Hopefully, the last words you will ever speak will be your wishes in your Last Will and Testament after you have left this earth. However, if you don’t leave a Will, did you know that the law will decide who gets your money and property? 

And if you aren’t married and don’t have children or parents, whatever you have may go to distant relatives you haven’t seen or heard from in years, or whom you may have never met. 

A recent Boston Globe article depicted such a sad situation where someone that died neglected to “speak” their last words in a Will, creating unintended results to the detriment of his loving step family with whom he was very close for decades.

It’s your money. It’s your property. You earned it. Make sure you decide where you want it to go.  Do a Will and have the last words  you ever speak be your words, and not a legal statute.

When you buy or sell a home, what stays and what goes?

Picture this: You’ve just bought your first house, and are excited to make it your own, only to discover when you open the door on move-in day that the previous owner removed a chandelier and sconces leaving enormous holes in the ceiling and walls. This can be overwhelming, and certainly frustrating for a new buyer.

What do you do?

Generally speaking, anything “permanently” attached to the property must remain. So the curtain rods and shades probably stay, but the curtains can be removed. The dishwasher probably stays, but the refrigerator, washer and dryer can probably be removed. You don’t have to leave your prized 72” flat screen, but you probably will need to leave the mount affixed to the wall.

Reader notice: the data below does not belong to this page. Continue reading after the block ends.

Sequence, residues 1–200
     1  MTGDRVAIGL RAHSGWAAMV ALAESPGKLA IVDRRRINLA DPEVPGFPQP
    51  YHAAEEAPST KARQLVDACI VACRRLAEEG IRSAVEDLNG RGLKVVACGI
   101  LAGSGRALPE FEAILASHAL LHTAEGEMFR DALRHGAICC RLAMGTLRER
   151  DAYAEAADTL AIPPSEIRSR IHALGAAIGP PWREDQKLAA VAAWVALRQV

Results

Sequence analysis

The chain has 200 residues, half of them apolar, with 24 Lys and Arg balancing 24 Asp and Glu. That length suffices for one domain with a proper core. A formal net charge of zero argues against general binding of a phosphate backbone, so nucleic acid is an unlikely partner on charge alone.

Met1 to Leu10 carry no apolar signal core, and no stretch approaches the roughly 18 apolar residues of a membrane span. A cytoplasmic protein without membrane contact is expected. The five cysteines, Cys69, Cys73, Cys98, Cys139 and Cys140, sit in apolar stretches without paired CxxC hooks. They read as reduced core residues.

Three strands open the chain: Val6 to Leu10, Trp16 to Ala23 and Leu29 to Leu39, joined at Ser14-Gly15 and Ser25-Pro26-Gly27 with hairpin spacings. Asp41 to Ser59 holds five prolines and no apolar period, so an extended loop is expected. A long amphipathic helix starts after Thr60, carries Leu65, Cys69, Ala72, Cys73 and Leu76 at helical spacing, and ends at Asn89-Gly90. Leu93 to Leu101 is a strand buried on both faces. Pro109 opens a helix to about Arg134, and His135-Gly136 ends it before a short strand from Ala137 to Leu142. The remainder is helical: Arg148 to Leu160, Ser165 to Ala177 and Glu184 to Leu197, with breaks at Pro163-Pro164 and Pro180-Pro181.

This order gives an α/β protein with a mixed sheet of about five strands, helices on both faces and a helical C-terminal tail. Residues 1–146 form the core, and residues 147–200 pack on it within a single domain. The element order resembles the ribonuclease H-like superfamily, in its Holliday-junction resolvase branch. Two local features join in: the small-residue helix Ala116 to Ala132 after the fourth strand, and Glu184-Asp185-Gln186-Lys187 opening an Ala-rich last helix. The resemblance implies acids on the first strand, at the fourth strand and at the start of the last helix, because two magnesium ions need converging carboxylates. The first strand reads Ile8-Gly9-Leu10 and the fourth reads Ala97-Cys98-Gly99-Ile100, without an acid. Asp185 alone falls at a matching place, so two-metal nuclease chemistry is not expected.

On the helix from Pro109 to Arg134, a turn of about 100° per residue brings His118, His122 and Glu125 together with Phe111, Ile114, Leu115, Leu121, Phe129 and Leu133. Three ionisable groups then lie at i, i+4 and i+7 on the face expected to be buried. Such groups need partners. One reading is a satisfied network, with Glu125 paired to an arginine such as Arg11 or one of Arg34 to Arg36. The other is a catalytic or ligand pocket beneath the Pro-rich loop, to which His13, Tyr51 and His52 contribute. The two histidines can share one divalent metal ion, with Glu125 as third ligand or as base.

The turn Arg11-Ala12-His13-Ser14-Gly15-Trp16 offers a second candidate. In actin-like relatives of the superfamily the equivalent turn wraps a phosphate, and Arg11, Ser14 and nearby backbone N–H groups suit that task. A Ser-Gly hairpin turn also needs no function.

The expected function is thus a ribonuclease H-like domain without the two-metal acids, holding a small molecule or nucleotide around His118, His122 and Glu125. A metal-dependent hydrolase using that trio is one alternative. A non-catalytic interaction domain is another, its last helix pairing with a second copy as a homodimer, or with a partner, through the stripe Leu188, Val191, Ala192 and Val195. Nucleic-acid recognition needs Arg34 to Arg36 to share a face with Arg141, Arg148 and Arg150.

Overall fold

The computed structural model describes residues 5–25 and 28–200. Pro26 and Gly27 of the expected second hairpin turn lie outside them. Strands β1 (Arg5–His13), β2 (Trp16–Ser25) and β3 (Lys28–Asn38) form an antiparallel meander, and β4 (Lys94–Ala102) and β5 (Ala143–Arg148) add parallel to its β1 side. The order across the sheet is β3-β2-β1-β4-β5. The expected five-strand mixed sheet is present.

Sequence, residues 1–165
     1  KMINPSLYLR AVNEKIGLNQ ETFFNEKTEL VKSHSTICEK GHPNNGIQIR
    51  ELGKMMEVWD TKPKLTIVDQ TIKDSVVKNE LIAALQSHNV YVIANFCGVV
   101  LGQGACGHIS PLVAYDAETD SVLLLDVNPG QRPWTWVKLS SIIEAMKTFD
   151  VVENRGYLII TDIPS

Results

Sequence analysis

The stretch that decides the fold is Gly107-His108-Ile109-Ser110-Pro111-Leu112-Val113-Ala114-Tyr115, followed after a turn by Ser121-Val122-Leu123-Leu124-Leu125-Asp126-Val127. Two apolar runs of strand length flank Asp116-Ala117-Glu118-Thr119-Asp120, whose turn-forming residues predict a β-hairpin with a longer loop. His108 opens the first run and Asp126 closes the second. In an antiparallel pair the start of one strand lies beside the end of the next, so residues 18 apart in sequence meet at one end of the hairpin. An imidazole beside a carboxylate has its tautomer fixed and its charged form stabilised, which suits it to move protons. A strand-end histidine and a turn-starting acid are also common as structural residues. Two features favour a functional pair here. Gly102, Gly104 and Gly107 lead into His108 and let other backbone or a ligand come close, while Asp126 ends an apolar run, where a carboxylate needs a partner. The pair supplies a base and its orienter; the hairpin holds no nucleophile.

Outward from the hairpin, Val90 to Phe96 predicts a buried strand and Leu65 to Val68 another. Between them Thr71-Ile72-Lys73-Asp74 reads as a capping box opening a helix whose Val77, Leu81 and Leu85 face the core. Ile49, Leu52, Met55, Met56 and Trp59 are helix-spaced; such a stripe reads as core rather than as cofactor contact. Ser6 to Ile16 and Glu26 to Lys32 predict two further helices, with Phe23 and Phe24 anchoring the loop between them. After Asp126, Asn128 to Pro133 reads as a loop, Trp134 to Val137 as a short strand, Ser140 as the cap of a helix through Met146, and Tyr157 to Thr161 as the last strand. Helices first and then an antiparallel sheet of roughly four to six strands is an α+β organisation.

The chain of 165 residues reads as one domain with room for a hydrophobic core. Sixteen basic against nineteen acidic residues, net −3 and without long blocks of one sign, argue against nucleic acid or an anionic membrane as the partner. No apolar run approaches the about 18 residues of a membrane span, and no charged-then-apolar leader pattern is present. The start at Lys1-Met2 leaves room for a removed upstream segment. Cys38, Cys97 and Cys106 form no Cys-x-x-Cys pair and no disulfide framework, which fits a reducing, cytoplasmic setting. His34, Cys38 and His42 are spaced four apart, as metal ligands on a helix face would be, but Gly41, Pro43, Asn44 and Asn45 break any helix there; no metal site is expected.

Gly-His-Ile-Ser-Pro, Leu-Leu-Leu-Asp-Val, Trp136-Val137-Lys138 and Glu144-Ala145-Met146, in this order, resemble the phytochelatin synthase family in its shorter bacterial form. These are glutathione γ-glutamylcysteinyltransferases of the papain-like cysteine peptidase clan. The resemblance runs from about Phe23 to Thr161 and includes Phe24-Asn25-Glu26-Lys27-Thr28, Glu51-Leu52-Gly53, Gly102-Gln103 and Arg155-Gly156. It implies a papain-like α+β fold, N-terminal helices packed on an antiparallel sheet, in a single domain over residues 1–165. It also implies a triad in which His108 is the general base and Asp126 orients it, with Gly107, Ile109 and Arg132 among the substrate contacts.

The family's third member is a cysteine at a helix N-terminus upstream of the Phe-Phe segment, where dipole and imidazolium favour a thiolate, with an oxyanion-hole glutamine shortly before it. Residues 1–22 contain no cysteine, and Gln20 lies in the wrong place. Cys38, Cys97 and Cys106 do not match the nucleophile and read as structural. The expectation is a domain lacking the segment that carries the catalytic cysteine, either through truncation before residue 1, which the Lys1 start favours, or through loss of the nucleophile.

Sellers and buyers can negotiate that certain items will stay, or will be removed. The best practice is to include or exclude any questionable items in the listing, or at least in the Purchase and Sale Agreement, so that there is a meeting of the minds. A walk-through inspection immediately before the closing is essential so that any last minute problems are dealt with before the deed and the money changes hands.

Buying and selling a home are stressful events, even though they may be pleasant ones. The earlier you engage an attorney to educate you and ensure your interests are protected, the better. We at Ryan Faenza Carey understand the process and can be of great assistance to you in ensuring a smooth transition, whether you are moving in, or moving out.